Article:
FROM sheer disbelief, to utter disappointment and overwhelming relief, the community have reacted to the postponement of the 50th Tamworth Country Music Festival in different ways.
One week out from the festival based in NSW's north east and organisers made the agonising decision to postpone the event to April as the region's COVID-19 cases skyrocket.
Despite the state government giving major events the all clear to go ahead on Friday, a raft of new restrictions including the banning of singing and dancing at venues was the final straw for stakeholders who were already dealing with growing artist cancellations.
The festival will instead go ahead from April 18 to 24, 2022, based on NSW government modelling that COVID numbers will peak in the coming weeks.
Festival manager Barry Harley said in the lead up to the decision on Friday, several big artists and key stakeholders had already pulled the pin.
He said cancelling was not an option, but neither was going ahead in January.
"Financially, we took $50 or $60 million out last year when we cancelled 2021 so we weren't real keen to do it again," he said.
"Which led to option three which was to postpone, which means we can transfer a lot of the components of the January festival into that April date."
The Leader asked the Tamworth community how they're feeling following the announcement. Read their reactions below:
Cranky campers call postponement 'cruel'
This week fans and their caravans started rolling in fast for the country music festival but now they'll be forced to pack up camp.
For the seventh year in a row Denise Anastasakis has travelled from Dorrigo to pitch her tent at the Riverside ovals for the 10-day festival but now she'll be heading back home
Paying $280 for her camping spot Ms Anastasakis said to leave the decision to the last minute was "disappointing" and "cruel".
"I could have stayed home," she said.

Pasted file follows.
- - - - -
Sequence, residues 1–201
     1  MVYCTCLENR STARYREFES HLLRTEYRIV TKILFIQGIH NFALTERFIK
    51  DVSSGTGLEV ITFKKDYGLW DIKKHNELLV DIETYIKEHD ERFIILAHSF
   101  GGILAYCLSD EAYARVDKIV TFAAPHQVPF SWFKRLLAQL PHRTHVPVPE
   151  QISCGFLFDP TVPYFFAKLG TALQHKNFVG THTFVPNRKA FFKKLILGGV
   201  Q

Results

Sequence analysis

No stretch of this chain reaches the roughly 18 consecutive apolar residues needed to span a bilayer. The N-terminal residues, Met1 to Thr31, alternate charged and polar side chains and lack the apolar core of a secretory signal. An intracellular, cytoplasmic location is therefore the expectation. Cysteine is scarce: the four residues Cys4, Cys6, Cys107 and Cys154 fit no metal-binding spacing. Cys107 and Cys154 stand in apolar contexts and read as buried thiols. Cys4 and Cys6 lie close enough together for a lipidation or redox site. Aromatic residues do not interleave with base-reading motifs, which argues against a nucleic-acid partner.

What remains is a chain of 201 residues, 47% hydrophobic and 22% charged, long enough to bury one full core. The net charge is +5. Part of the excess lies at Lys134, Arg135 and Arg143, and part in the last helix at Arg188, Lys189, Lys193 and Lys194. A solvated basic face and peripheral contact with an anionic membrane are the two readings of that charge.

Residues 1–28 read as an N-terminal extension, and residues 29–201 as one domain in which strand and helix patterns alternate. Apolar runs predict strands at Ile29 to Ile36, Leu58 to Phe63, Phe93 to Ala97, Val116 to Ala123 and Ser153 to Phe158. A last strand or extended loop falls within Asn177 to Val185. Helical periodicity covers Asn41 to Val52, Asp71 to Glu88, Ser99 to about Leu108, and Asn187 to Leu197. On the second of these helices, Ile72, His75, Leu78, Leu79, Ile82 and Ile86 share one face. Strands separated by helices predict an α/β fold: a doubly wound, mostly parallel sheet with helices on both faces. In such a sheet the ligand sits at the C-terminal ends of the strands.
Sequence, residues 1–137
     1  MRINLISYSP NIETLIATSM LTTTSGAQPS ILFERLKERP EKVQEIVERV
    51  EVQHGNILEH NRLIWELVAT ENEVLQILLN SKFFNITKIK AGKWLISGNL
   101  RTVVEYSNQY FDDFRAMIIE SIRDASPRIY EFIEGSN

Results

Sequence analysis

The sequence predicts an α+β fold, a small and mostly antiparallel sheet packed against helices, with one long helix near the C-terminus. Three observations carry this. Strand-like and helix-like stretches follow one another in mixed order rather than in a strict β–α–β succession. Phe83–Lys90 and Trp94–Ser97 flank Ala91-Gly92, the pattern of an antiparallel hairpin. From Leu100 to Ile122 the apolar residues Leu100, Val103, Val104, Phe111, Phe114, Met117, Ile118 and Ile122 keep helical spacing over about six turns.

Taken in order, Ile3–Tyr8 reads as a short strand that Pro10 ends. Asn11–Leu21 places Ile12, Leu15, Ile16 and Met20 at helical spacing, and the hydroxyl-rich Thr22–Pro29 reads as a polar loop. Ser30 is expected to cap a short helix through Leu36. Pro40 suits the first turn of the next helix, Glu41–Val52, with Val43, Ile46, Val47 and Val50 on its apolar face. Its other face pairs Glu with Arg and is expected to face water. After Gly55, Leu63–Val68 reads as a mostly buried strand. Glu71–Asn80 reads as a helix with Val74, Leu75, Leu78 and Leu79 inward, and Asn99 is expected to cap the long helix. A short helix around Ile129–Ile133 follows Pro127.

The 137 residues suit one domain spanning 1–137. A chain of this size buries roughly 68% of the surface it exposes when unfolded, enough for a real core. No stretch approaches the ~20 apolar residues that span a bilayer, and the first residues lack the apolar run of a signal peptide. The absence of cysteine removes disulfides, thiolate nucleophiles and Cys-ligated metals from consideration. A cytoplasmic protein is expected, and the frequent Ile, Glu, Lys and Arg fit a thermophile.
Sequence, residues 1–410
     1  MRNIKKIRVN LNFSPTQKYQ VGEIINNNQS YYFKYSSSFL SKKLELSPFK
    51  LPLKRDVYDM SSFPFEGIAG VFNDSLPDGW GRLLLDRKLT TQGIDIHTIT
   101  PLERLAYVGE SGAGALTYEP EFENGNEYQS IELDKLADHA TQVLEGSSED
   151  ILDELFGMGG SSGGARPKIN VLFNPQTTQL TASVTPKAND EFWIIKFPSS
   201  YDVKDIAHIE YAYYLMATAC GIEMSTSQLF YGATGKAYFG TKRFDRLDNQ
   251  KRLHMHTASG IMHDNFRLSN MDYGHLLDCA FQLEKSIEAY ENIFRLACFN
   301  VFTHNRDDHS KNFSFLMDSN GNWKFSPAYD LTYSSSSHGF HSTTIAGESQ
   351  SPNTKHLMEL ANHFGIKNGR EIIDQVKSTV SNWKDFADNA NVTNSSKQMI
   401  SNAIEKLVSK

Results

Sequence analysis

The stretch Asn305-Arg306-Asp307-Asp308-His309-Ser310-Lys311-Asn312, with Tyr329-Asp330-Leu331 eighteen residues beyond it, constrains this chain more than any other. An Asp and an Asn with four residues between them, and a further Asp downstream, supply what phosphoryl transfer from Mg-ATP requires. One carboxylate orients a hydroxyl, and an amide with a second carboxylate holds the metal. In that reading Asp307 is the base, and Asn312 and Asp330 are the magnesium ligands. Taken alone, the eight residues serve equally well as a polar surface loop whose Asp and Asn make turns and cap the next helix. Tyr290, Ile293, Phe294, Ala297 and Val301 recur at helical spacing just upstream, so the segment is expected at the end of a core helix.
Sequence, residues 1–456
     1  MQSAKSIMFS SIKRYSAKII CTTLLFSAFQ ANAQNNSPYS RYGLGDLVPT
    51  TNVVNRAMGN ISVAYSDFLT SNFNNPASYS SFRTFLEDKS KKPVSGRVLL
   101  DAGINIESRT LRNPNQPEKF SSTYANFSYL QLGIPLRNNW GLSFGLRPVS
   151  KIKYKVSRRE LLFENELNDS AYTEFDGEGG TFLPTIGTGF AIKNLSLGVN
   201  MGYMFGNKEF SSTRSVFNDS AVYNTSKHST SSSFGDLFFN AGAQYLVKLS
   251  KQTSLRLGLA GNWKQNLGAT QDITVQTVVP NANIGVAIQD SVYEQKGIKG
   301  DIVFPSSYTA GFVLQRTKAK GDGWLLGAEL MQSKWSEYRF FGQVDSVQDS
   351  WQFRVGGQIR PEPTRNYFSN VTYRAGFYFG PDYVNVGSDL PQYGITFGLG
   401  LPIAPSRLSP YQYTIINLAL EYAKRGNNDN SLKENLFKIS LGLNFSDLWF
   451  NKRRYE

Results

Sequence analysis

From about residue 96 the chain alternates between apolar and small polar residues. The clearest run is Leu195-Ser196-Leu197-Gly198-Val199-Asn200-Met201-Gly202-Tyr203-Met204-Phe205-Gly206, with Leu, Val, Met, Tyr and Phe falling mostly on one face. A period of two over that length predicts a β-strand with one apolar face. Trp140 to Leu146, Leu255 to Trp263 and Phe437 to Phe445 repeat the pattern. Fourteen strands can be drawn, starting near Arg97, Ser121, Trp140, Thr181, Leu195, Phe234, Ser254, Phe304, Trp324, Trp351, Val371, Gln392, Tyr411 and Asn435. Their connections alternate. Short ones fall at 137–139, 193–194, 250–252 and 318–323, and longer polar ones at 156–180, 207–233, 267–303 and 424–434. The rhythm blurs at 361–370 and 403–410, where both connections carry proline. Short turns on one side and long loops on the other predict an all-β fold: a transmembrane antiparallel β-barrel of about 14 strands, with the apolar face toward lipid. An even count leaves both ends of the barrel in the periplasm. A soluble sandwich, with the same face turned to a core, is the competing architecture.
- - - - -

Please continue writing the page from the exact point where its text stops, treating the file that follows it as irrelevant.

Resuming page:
"I think there's going to be a lot of angry people."
Most years Ms Anastasakis said you'd find her having a dance and a sing at the free shows at the cities pubs and clubs but this year she'll be left with the sound of her radio on the way home.
"That's the whole excitement of it, it's mingling and dancing to the music you've waited all year to hear."
Despite the festival being scaled back last year Ms Anastasakis said she still made the trip to the country music capital to support the city.
"Tamworth and all the bands are going to be financially devastated again."
Health workers relieved after 'sensible' decision
EXPONENTIAL growth in COVID-19 case numbers in Tamworth had doctors and health workers "very concerned" about the impact the busy country music festival would inevitably have had if it went ahead next week.
Tamworth GP Dr Ian Kamerman told the Leader everyone was looking forward to the anniversary event but he could not see any logical way to kick it off while the local case count was surging so rapidly.
"To consider holding a multi-day festival during the exponential growth phase of a pandemic, in an environment where our health resources are already beyond stretched, is far from sensible," he said.
Dr Kamerman was relieved the festival was postponed, due to the high transmission rate of the Omicron variant and the fact that the city's current outbreak was already doubling its growth rate every four days.
He said he couldn't see how the event could have been run safely and in a way that didn't further strain the regional healthcare system.